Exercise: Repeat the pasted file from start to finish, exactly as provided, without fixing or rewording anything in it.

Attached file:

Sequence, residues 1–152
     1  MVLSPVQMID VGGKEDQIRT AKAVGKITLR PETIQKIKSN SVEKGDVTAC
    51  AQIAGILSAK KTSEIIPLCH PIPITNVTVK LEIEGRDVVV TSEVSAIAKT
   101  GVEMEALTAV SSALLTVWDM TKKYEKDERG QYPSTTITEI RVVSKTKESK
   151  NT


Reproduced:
Sequence, residues 1–152
     1  MVLSPVQMID VGGKEDQIRT AKAVGKITLR PETIQKIKSN SVEKGDVTAC
    51  AQIAGILSAK KTSEIIPLCH PIPITNVTVK LEIEGRDVVV TSEVSAIAKT
   101  GVEMEALTAV SSALLTVWDM TKKYEKDERG QYPSTTITEI RVVSKTKESK
   151  NT